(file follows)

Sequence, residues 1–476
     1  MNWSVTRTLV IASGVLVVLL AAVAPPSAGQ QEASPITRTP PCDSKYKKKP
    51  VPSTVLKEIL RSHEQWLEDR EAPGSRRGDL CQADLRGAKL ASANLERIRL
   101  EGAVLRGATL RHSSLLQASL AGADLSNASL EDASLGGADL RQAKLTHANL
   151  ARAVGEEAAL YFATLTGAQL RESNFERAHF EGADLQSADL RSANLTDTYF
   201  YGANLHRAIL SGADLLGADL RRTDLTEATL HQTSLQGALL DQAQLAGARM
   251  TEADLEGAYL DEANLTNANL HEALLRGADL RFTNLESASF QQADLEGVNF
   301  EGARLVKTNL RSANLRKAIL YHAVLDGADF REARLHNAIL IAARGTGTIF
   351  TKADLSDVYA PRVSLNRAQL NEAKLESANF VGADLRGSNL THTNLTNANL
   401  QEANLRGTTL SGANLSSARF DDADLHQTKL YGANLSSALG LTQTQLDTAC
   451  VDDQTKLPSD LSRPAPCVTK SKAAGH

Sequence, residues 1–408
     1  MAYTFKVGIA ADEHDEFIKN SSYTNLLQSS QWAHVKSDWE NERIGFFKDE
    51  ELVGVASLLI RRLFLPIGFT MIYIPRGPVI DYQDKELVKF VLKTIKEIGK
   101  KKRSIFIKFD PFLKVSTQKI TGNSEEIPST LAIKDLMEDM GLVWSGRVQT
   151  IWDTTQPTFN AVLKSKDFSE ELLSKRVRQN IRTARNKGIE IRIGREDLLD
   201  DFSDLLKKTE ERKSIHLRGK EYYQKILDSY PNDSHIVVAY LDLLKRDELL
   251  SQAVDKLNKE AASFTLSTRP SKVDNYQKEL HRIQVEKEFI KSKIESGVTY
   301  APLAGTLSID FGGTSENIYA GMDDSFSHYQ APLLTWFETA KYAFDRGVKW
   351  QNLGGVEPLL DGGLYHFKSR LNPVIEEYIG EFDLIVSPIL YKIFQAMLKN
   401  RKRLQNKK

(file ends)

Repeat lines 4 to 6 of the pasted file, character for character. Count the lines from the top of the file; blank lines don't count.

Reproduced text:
   101  EGAVLRGATL RHSSLLQASL AGADLSNASL EDASLGGADL RQAKLTHANL
   151  ARAVGEEAAL YFATLTGAQL RESNFERAHF EGADLQSADL RSANLTDTYF
   201  YGANLHRAIL SGADLLGADL RRTDLTEATL HQTSLQGALL DQAQLAGARM